Of classrooms good and better

Beyond books The success story of a school in a remote corner may hold a lesson for one in an urban area and vice versa   | Photo Credit: The Hindu

Suriyaprakash C, along with Steffan Ajay, leave today on a study tour with a difference. They will drive over 9, 000 km across the country in the span of four weeks. Their mission? Visit alternative schools, interview teachers and interact with students to find out about their education system and what they do differently to make their schools stand out.

C Suriyaprakash

C Suriyaprakash   | Photo Credit: Special Arrangement

“We are looking at centres that are not so well known and yet follow home-grown systems that work well for them. These are institutions that cater to the local children in both urban, rural and remote areas,” clarifies Suriyaprakash. “These schools have created an environment that works best for them. Some have no more than 15 students while others have nearly 1, 000.”

Steffan is a Senior Programme Officer, World Wildlife Fund in Coimbatore, and works closely with children in tribal areas. Suriyaprakash is Professor of Organisational Behaviour at Jansons School of Business in Coimbatore and also a Teaching and Supervising Transactional Analyst. The other members of the core team are Viji Mohanraj, an industrialist who is interested in environmental issues; Dr Srilatha Juvva, Professor, School of Social Work, Center for Disabilities Studies, Tata Institute of Social Sciences, Mumbai; and Dr Thamilselvi S, Transactional Analysis Psychotherapist, Director, JKP Medical Centre, Coimbatore.

What they hope to find out
  • Is the child happy with the mainstream learning process?
  • What is the role of the teachers and parents in the child’s formative years?
  • How is the system attuned to the child’s developmental needs?
  • Is the current model equally accessible and applicable to children from all strata of society?
  • Are alternative models scalable?
  • How is the system relevant to our cultural and socio-economic conditions?
  • What aspects of these systems can be applied to mainstream schools to make education meaningful and relevant?
  • The expenses for the mission are being met through crowd funding. Those interested can contribute at

They call the project Child First Curriculum Next. While this segment of the mission focuses more on schools in the northern part of the country, there will be another exploratory journey covering the southern states.

Says Suriyaprakash, “We are the consumers of the products of school education and we are alarmed at the lamentable quality of students who come to us. We inevitably blame the university system saying it is rotten. It has become our habit to label our education system as outdated. But what are we doing about it?”

This blame game needs to stop. The cycle needs to be broken, he says. As an educator, he has been involved in training programmes for teachers and high school children and has seen how the students are not taught to think nor encouraged to ask questions. “No wonder their language skills are lamentable.”

Suriyapraksh and his friends toyed with the idea of opening a school. But then they decided they would do better to work on a project that will have a wider impact. “So we decided research some schools that were doing a great job”.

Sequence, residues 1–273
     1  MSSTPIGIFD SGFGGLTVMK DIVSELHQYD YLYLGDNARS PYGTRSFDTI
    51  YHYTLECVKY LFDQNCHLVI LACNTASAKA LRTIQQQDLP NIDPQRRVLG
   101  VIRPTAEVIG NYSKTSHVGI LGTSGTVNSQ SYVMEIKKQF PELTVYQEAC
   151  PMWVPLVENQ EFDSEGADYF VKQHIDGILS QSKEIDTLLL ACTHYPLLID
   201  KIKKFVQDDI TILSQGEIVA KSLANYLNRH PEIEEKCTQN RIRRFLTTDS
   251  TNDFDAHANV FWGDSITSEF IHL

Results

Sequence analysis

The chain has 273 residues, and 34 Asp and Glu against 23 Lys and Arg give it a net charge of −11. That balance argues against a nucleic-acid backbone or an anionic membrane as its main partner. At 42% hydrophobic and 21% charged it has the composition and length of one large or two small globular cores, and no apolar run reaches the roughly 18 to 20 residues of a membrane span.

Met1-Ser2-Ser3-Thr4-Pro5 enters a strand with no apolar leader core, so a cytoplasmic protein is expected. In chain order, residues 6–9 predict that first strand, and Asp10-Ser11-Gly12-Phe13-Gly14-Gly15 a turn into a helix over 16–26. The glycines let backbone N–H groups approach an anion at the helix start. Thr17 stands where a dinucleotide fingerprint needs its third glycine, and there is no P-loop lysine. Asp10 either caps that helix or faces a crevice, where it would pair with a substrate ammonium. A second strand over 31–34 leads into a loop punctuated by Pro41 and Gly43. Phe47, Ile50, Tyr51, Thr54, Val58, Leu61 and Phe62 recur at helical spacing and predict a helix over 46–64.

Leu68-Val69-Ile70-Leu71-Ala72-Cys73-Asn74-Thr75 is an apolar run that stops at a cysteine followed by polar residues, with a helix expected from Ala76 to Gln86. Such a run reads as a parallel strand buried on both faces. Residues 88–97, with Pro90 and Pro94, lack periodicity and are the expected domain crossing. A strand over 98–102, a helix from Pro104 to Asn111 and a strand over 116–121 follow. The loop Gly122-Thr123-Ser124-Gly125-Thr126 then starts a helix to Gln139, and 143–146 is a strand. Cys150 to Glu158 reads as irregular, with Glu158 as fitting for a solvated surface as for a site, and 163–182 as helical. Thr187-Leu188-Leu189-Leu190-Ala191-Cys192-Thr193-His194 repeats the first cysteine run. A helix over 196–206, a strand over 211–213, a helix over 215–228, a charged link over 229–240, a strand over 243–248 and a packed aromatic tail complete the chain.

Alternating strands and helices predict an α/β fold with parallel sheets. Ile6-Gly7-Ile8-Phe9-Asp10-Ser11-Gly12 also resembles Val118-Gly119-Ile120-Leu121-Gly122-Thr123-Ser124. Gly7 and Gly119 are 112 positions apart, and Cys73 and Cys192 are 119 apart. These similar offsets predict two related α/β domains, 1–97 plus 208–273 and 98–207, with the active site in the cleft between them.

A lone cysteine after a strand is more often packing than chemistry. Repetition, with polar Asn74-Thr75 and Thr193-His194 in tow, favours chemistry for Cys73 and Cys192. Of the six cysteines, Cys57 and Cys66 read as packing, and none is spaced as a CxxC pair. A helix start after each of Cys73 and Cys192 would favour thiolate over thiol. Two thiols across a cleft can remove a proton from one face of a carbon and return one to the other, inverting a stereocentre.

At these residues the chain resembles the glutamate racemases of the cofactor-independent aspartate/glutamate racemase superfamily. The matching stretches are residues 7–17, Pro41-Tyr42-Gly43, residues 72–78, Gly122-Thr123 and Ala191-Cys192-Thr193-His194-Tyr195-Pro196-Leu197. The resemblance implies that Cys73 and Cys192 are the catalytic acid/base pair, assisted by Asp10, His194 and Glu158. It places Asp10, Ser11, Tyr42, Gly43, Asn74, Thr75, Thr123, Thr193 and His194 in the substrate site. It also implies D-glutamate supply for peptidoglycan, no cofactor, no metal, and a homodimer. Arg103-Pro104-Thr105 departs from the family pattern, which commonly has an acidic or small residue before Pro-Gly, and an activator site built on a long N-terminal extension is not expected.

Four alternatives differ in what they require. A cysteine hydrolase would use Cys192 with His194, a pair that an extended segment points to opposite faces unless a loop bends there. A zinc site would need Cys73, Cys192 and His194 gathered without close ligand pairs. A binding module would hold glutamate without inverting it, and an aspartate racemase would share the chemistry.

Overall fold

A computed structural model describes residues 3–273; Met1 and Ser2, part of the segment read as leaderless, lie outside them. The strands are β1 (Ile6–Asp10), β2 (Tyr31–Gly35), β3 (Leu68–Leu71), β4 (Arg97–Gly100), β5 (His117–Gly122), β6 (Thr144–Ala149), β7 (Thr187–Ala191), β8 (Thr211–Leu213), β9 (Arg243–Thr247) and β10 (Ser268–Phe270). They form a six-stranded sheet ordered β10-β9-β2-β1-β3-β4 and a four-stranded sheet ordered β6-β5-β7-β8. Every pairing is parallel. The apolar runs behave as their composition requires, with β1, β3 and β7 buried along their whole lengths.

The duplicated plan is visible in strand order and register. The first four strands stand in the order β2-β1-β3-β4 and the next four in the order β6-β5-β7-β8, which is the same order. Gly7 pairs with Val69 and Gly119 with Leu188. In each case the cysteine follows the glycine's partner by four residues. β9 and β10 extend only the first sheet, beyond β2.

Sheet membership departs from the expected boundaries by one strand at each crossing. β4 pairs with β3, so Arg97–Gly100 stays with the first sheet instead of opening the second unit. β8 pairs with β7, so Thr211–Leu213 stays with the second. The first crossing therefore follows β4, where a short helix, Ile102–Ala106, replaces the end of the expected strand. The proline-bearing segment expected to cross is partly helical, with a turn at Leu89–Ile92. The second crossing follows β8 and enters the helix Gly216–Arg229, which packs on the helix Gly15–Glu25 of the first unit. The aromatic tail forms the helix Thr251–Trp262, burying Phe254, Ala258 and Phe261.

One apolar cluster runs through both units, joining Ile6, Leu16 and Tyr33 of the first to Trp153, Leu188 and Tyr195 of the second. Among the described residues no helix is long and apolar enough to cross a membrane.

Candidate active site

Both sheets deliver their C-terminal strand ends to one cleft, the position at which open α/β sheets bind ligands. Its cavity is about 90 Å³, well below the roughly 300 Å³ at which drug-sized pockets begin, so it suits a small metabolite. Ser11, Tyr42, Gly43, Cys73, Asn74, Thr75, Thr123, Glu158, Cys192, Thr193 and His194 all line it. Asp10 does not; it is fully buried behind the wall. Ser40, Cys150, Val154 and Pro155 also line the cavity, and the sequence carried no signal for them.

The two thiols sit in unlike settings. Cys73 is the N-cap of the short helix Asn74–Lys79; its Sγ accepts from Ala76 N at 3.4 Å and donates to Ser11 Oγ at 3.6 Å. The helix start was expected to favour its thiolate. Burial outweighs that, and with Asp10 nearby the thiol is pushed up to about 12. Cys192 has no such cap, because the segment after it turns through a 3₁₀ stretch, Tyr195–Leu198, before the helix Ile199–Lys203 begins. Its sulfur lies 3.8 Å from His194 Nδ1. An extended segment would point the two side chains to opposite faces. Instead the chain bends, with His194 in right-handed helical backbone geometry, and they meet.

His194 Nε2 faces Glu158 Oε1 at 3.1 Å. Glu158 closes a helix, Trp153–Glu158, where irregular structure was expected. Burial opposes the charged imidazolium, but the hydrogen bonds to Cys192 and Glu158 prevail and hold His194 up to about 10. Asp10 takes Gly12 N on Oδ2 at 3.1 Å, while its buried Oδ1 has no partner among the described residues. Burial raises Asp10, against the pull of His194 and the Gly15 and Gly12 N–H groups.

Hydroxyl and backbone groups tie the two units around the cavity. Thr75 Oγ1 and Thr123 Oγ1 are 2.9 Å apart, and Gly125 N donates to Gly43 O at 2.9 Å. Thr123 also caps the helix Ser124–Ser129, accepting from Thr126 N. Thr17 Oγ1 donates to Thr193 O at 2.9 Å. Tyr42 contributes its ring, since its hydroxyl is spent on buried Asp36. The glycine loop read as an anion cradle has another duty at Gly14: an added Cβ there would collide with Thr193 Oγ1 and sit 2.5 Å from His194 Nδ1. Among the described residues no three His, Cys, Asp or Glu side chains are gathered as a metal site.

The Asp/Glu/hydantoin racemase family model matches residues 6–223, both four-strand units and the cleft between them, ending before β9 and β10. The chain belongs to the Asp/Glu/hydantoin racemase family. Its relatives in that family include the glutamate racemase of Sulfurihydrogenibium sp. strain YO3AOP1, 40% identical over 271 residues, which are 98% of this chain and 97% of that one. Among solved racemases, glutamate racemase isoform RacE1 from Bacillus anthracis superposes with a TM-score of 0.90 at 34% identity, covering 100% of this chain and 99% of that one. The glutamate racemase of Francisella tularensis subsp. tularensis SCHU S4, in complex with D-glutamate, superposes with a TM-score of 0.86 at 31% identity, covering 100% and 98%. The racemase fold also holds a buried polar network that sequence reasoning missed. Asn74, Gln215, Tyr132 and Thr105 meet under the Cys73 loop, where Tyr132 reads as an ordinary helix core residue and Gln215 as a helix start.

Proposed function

There were several, they discovered. “There is a lot happening in pockets, but it is fragmented. The people who are doing a commendable job are more than willing to share their formula of success, but no one is coming forward to ask them.” Suriyaprakash says that there are schools in the remotest areas where the children have done remarkably well in life and have returned to give back to their alma mater.”

These are institutions that have been successful, despite managing with minimum infrastructure, points out Suriyaprakash, and are involved in innovative experiments where pioneering educationists are trying out new learning systems that are child-centric. “We feel an urgent need to aggregate the experiences of these experiments and make the wisdom available for the larger audience of all stakeholders in child development.”

He mentions the democratic model of education where children decide what they want to study and how, and other unconventional yet successful methods where they work closely with their own environment. “We realise one size does not fit all, but surely there are lessons in these success stories that can be tweaked and adapted to suit different environments,” he says.

Child First Curriculum Next wants to find out if these successful experiments can be scaled up. “We can get learning from anywhere. A success story of a school in the remotest corner of the country may have a lesson for someone in the urban area and vice versa. We wanted to talk to these schools, ask them if they can share their knowledge and meet and share.”

The team members will collect information and data, document them and use the knowledge to create an ongoing campaign. The collated information will be turned into a ready reckoner for educationists, teachers, parents and policy makers.

The articles resulting from this trip will be published in the International Journal of Transactional Analysis Research.

Our code of editorial values

Related Topics
This article is closed for comments.
Please Email the Editor

Printable version | Jun 11, 2021 6:41:23 AM |

Next Story